Cherry Hill is considering requiring students to take an African American history course as part of its requirements for seniors to graduate. They would be the first district in New Jersey to do so. Why stop there?

I think it's great for students to learn about the culture they were born into as well as the other cultures that are around them. That's why I'm a proponent of giving each of the 12 most populous nationalities in the United States a month, like we do with Black History Month. I would also include LGBTQ history.

No one was welcomed to America with open arms. Each nationality who came here had to endure prejudice from those who were already here. For instance, The Italians were the victims of the largest mass lynching in this country, which took place in New Orleans on March 14, 1891. Theodore Roosevelt called it "a rather good thing."

It was that lynching and the reaction of the Italian government that led to President Benjamin Harrison proclaiming "Columbus Day" in 1892. Regardless of the accuracy of the Columbus story, it gave the hard-working Italians who desperately wanted to fit into and be part of America a way to do so.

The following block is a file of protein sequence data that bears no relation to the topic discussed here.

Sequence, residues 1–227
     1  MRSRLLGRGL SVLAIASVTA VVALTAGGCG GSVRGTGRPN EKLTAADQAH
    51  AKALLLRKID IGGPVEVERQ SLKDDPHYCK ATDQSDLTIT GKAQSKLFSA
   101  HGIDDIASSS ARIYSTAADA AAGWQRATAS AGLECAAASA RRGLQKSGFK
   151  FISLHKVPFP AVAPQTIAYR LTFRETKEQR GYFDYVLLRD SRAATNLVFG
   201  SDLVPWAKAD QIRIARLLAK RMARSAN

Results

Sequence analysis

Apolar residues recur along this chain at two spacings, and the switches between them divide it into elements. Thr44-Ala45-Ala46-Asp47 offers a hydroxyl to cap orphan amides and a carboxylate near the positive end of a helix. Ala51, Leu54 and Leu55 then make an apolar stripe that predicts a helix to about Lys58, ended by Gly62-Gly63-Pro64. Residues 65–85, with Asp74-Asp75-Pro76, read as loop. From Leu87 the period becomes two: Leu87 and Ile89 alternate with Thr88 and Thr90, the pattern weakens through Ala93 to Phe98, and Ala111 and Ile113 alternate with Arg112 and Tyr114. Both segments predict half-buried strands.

That's just one of many stories of the people who make up the melting pot that is the United States of America. Of course, we should also be teaching the Holocaust and what Jewish people endured and continue to endure. Let's also not forget the Latinos and Asians.

I think if students truly knew all that their ancestors had to go through just to become "Americans," they would truly feel a sense of unity that could go a long way toward wiping out prejudice. Isn't that what we want most for them?

The post above reflects the thoughts and observations of New Jersey 101.5 talk show host Steve Trevelise. Any opinions expressed are Steve's own. Steve Trevelise is on New Jersey 101.5 Monday-Thursday from 7pm-11pm. Follow him on Twitter @realstevetrev.

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